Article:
Sleep Medication and Jet Lag
There are a few things that can really throw our sleep cycle into a frenzy, like reoccurring travel. Entering a new time zone can make it extremely challenging to keep our regular sleep routine and get enough sleep to feel rested and comfortable. On average it takes our body 24 hours to adjust to each 1-hour change in time zone. When we’re feeling the impacts of jet lag it may seem enticing to take sleep medication to force yourself into the new routine. But is that the best solution? Can we manage jet lag without medication?
Negative Side Effects of Sleep Medication
Using sleep medication can have detrimental side effects on your mental and physical health. Extended use often leads to drug tolerance, dependence, withdrawal effects, side effects, and rebound insomnia (where sleep problems after medication cessation become worse than they were prior to taking medications).
Instead, here are some tips to minimize jet lag without the use of medication.
Tips to Manage Jet Lag Without Medication
- Adjusting to the new time zone 2-3 days before you travel (for example, shift your bedtime, waketime, and mealtimes in advance – to start to ‘prep’ your body for the new time zone).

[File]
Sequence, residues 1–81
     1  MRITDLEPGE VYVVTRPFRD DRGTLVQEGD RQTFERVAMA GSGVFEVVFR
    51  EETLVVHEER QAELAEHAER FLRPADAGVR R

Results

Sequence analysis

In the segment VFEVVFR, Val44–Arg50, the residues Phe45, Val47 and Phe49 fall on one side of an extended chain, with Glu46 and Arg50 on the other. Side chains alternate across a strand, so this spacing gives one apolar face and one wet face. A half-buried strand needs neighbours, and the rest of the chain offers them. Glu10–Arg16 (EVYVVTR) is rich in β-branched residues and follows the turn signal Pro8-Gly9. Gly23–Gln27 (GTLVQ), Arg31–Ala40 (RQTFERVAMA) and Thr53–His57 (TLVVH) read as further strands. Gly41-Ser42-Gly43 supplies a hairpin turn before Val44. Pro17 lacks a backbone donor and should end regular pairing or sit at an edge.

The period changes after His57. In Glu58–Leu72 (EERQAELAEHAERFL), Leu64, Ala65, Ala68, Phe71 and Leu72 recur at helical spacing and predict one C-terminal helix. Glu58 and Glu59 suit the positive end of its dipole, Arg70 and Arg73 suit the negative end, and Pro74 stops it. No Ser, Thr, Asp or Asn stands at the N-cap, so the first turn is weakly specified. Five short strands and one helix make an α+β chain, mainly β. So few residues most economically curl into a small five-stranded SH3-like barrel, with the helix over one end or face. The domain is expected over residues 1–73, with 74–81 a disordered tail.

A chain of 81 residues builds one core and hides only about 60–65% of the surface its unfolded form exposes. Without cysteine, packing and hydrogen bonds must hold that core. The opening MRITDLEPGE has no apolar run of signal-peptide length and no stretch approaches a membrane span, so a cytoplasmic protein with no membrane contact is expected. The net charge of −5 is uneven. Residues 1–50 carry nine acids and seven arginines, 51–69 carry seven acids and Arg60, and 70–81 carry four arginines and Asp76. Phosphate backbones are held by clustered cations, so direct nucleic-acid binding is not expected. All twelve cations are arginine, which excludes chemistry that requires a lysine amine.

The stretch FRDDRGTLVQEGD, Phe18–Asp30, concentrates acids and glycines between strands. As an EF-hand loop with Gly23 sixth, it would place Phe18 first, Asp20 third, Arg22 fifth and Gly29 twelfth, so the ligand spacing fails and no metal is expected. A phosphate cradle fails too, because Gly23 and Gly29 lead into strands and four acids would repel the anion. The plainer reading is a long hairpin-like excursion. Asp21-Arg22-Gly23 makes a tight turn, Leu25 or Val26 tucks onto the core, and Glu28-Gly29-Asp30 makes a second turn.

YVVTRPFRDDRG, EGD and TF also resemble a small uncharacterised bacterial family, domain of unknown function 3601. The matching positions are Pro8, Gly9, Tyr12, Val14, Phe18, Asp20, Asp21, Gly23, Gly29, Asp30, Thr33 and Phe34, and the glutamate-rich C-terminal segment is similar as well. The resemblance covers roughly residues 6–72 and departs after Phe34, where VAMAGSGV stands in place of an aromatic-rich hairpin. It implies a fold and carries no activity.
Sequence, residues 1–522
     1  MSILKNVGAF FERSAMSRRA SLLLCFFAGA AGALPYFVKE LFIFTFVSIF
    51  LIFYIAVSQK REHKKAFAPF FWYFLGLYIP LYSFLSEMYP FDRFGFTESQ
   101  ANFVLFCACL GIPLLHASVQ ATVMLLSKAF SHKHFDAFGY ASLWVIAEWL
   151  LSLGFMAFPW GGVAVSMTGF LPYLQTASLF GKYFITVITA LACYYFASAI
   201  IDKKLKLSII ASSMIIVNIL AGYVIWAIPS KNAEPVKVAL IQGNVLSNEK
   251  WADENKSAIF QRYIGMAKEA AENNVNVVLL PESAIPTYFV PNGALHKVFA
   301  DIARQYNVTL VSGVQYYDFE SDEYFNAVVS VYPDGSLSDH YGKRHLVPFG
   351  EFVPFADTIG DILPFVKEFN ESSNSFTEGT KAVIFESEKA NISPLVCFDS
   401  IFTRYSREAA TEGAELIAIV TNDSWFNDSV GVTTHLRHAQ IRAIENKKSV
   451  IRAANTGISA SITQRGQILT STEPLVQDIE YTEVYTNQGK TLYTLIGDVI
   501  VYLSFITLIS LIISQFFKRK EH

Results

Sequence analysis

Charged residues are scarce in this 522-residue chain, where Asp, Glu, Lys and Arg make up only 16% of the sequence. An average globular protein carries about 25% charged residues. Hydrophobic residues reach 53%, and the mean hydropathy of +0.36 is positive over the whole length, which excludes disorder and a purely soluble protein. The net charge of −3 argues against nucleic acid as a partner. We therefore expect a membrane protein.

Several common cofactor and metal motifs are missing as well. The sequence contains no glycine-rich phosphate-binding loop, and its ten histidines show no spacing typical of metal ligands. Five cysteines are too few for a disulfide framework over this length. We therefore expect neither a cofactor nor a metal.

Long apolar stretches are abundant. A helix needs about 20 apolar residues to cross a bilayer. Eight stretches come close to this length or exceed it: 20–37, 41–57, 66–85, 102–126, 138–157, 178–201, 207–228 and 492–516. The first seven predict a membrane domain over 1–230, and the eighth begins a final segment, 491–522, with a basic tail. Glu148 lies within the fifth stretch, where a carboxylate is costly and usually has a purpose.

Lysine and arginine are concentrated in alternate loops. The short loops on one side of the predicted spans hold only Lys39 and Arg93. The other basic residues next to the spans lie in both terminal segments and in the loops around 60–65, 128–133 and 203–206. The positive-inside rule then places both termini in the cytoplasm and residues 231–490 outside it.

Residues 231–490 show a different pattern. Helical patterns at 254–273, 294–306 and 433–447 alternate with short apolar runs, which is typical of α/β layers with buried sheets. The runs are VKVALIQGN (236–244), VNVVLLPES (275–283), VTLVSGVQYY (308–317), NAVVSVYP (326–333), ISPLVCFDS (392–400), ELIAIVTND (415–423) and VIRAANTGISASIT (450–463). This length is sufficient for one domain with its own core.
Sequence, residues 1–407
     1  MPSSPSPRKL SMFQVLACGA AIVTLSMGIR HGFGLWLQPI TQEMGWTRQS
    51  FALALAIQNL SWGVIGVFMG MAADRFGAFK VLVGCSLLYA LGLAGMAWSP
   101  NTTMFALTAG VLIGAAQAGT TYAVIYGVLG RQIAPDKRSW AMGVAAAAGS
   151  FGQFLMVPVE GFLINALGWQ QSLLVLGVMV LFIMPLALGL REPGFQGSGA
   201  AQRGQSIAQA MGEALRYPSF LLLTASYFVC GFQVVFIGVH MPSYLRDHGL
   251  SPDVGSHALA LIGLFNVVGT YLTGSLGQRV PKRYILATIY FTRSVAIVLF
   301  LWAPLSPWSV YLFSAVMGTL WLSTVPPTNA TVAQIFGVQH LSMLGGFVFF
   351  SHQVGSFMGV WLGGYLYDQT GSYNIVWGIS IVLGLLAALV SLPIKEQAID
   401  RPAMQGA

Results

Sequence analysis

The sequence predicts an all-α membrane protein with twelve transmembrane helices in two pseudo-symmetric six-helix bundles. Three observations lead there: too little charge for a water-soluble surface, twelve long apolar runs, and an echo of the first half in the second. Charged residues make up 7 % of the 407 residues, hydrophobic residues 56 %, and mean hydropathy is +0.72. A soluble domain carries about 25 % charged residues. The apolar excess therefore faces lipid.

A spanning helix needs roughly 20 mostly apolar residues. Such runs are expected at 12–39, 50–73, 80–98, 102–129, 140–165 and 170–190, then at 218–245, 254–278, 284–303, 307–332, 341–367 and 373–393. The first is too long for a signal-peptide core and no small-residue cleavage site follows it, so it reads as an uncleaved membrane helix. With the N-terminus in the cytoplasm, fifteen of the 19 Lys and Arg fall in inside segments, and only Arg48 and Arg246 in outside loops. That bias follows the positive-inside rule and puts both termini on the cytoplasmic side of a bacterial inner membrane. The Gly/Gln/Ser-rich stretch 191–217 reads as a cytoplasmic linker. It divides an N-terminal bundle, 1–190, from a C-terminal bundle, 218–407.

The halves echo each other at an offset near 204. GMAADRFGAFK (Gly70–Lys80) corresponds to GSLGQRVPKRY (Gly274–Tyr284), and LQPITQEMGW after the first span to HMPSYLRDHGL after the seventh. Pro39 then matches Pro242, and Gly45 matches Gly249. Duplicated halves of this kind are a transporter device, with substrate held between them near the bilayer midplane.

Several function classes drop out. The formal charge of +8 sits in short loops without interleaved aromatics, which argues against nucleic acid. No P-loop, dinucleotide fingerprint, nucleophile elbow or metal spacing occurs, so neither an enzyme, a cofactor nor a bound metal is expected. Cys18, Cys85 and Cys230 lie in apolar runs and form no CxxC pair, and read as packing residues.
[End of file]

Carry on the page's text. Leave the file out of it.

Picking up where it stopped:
- Ensure you’re getting adequate sleep before travel (as a pre-existing “sleep debt” makes jet lag worse).
- Minimize alcohol.
- Adjust meals and bedtime to the new time zone ASAP.
- Due to the gastrointestinal impact of jet lag, it can be helpful to drink lots of water and eat small, frequent, healthy meals when travelling.
- Have a consistent, fixed wake-up time (even on weekends!) is one of the most important factors in building a consistent sleep pattern. So, try to maintain a schedule before, during and after travel.
Are you thinking; melatonin is a natural sleep medication so it really can’t be that bad, can it? While you’re technically not wrong, melatonin is a natural sleep hormone, regularly using medication for sleep, including melatonin, can have negative impacts on your physical and mental health. So, try to manage jet lag without medication and read more about the negative effects of taking medication for sleep. It can also be helpful to implement good sleep hygiene principles into your daily routine to get better sleep more often.
Another common situation where individuals find themselves tempted to take sleep medication to help them sleep is with shift work. Check out our other article for further tips on managing shift work without the use of sleep medication.
Lots of people ask: should you take sleeping pills? Medications for sleep can, at times, do more harm than good. Learn about sleep medication here.
Anxiety and worry thoughts have a significant impact on getting a good night’s sleep. Learn how to manage the negative effects of anxiety on sleep with Dr. Joti.